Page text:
Everett plans to dole out $533K for human needs programs

Annually the city marks $4 per capita for human needs grants. Funding requests topped $1 million this year.

Everett

EVERETT — Several thousand people could be helped by programs Everett’s community development office proposed for grant awards totaling over $553,000.

Since 1989 the city has allocated human needs grant funding. The city dedicates $4 per resident from its general fund, which gets doled out to organizations that provide basic human needs services.

This year, it totaled over $453,000. The mayor and council added $100,000 from the city’s federal American Rescue Plan Act allotment.

Funding requests topped $1 million and not everyone who applied got money this year, housing and community development manager Kembra Landry told the Everett City Council during its meeting Wednesday night.

“We consistently get more demand for funding than what’s available,” Landry said.

Last year’s human needs grants totaled over $414,000 and helped 7,685 residents, Landry said. The city tracks the grant-funded programs through a software, which helps with the applications, grant management and more.

Council member Paula Rhyne said she was interested in raising the per capita amount.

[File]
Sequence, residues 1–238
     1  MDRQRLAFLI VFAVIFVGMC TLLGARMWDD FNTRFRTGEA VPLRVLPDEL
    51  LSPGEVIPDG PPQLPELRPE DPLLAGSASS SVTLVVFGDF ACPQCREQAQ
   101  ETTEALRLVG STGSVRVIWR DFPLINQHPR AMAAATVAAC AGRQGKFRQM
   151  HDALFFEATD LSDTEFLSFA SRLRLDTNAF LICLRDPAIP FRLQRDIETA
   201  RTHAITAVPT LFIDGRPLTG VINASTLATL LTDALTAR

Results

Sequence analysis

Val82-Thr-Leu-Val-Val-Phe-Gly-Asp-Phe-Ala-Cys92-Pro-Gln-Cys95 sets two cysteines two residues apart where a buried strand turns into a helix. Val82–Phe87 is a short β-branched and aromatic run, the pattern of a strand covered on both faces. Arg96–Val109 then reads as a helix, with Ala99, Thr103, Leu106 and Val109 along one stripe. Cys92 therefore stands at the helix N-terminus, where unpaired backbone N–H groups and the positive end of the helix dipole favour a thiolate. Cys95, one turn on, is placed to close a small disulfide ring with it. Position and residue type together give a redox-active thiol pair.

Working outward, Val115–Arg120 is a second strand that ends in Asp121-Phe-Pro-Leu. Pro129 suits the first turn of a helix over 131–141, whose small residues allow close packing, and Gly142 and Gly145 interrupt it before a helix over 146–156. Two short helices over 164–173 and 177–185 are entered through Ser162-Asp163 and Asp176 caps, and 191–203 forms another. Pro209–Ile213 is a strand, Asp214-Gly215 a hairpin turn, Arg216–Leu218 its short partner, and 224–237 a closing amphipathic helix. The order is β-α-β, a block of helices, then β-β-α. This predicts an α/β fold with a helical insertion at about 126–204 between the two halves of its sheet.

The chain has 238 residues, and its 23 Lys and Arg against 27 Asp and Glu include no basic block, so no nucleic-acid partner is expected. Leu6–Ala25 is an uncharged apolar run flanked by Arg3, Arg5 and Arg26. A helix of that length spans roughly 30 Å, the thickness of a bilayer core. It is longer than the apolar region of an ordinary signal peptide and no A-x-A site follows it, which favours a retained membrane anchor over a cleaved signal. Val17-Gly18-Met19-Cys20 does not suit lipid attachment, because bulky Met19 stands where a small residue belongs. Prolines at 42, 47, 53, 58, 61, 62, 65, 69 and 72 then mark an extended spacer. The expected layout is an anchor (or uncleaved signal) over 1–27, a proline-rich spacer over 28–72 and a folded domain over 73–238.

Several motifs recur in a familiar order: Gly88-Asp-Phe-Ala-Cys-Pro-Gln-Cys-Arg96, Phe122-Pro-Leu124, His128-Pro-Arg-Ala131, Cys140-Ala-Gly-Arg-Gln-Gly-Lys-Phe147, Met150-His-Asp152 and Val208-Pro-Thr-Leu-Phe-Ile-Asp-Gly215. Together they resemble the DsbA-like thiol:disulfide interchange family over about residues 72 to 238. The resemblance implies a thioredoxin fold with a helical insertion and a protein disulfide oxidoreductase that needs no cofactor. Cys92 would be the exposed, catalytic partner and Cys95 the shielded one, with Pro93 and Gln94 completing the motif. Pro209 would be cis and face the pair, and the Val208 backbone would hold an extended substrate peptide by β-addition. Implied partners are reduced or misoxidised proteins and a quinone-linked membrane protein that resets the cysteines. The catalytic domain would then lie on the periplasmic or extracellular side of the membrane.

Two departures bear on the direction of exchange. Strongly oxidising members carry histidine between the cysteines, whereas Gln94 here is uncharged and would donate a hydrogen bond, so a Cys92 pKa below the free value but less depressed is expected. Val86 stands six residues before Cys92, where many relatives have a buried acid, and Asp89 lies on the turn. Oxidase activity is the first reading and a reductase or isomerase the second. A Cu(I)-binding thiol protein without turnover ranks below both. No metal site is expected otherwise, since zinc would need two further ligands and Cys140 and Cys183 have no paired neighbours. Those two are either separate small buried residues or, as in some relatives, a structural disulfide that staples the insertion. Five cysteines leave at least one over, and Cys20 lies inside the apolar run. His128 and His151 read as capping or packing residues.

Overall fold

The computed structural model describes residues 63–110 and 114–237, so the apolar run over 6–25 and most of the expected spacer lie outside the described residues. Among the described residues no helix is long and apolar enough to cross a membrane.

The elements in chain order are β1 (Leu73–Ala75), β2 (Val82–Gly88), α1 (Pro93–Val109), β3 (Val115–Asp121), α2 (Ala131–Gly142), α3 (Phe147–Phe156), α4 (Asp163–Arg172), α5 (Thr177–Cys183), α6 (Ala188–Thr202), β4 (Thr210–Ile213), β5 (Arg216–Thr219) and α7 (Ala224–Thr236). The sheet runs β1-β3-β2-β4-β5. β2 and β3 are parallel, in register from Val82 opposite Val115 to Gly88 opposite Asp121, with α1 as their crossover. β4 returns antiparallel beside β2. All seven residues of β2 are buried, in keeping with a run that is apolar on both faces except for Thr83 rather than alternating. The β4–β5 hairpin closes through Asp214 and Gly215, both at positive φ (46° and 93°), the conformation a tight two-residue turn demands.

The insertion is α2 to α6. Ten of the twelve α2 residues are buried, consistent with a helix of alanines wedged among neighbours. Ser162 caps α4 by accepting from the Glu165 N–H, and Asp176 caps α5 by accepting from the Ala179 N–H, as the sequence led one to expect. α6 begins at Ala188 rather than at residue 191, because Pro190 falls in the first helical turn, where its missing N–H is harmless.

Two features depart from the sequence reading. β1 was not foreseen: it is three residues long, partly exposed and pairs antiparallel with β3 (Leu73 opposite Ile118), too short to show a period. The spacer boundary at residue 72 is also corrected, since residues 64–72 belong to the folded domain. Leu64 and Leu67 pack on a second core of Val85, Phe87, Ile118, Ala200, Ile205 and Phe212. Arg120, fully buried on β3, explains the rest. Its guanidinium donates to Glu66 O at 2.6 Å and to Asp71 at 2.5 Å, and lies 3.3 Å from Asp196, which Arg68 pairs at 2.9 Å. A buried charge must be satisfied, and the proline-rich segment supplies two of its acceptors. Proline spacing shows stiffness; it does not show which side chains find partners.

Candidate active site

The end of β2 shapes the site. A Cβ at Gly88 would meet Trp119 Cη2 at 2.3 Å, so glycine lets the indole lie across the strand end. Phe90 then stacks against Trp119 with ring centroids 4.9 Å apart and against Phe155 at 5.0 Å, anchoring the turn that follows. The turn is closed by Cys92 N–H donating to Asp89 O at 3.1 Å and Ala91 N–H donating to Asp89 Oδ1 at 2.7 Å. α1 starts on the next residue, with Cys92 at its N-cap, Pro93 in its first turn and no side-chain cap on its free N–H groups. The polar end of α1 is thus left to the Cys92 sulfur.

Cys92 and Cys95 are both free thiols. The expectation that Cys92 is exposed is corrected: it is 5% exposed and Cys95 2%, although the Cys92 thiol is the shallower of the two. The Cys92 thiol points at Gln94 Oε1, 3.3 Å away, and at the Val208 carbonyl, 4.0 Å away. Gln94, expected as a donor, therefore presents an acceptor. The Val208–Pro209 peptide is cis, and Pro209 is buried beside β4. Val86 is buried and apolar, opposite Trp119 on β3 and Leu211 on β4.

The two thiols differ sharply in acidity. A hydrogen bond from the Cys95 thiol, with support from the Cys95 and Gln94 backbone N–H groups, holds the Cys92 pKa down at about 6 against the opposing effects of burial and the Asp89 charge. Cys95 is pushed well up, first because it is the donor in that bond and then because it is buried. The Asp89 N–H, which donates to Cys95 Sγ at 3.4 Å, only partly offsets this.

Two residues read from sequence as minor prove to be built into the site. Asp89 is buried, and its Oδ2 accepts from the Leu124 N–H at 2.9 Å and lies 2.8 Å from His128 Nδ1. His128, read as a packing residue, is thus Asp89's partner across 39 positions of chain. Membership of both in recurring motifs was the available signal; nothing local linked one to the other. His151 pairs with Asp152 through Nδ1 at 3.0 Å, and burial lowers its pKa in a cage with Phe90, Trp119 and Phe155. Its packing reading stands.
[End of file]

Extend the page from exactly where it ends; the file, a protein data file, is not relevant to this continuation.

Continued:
“I’m just so glad we can help the city in this way,” Rhyne said.

Based on input from the city’s citizen advisory committee, funding priorities were housing, homelessness, and behavioral and substance abuse prevention and support, Landry said. Money was split roughly into thirds for each of those across 20 programs.

Cocoon House, which works with homeless youths, was marked for the highest total of $65,000 for a hot meals program. Another program for housing through Cocoon House was set for $44,000, as well as $29,000 for a partnership with Compass Health.

Bridgeways, an organization that runs the Mental Health Alternatives Program for people facing misdemeanor charges, was in line for $60,000.

Interfaith Family Shelter, which provides emergency housing at two sites in Everett, could get $60,000 for case management.

Refugee resettlement by Volunteers of America of Western Washington had $50,000 in the proposed award funding.

The Arc of Snohomish County, which advocates for people with developmental and intellectual disabilities, could see $25,000 for independent living support.

ChildStrive, Domestic Violence Services of Snohomish County, Everett Recovery Cafe, Helping Hands, Homage, Housing Hope, Millennia Ministries, the Red Cross, Snohomish County Legal Services, St. Vincent de Paul and the YWCA also were proposed for grant awards.

The council is expected to approve the funding in early February.

Ben Watanabe: 425-339-3037; bwatanabe@heraldnet.com; Twitter: @benwatanabe.

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